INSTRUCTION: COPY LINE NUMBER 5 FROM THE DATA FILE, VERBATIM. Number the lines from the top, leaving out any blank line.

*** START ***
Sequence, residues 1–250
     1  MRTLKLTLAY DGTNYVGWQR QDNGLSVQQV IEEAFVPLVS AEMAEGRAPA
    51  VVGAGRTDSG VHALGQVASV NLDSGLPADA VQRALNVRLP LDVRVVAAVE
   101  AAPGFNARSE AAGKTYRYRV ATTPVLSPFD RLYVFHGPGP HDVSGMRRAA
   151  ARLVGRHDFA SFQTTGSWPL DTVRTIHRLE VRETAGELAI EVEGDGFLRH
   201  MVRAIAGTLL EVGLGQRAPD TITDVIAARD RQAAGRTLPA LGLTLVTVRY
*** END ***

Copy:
   151  ARLVGRHDFA SFQTTGSWPL DTVRTIHRLE VRETAGELAI EVEGDGFLRH